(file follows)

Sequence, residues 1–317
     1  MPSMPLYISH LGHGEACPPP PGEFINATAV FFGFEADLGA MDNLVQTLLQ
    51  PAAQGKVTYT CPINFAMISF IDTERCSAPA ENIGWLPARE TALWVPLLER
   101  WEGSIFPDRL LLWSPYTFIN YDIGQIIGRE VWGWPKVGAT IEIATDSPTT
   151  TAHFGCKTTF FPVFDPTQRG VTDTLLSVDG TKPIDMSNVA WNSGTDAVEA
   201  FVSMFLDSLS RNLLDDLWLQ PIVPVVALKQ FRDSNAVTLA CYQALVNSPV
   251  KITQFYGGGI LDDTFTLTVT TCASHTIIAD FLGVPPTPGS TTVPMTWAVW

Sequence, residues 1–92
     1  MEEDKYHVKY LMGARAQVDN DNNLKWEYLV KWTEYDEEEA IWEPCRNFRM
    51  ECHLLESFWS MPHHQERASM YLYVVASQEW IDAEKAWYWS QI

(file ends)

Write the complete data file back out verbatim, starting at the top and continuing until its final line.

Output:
Sequence, residues 1–317
     1  MPSMPLYISH LGHGEACPPP PGEFINATAV FFGFEADLGA MDNLVQTLLQ
    51  PAAQGKVTYT CPINFAMISF IDTERCSAPA ENIGWLPARE TALWVPLLER
   101  WEGSIFPDRL LLWSPYTFIN YDIGQIIGRE VWGWPKVGAT IEIATDSPTT
   151  TAHFGCKTTF FPVFDPTQRG VTDTLLSVDG TKPIDMSNVA WNSGTDAVEA
   201  FVSMFLDSLS RNLLDDLWLQ PIVPVVALKQ FRDSNAVTLA CYQALVNSPV
   251  KITQFYGGGI LDDTFTLTVT TCASHTIIAD FLGVPPTPGS TTVPMTWAVW

Sequence, residues 1–92
     1  MEEDKYHVKY LMGARAQVDN DNNLKWEYLV KWTEYDEEEA IWEPCRNFRM
    51  ECHLLESFWS MPHHQERASM YLYVVASQEW IDAEKAWYWS QI